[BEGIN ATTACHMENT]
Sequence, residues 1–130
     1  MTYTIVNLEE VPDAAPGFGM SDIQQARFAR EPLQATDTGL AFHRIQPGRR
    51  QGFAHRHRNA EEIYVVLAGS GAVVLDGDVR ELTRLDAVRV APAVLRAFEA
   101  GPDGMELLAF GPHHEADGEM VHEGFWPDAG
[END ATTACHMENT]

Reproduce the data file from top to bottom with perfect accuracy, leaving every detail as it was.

Sequence, residues 1–130
     1  MTYTIVNLEE VPDAAPGFGM SDIQQARFAR EPLQATDTGL AFHRIQPGRR
    51  QGFAHRHRNA EEIYVVLAGS GAVVLDGDVR ELTRLDAVRV APAVLRAFEA
   101  GPDGMELLAF GPHHEADGEM VHEGFWPDAG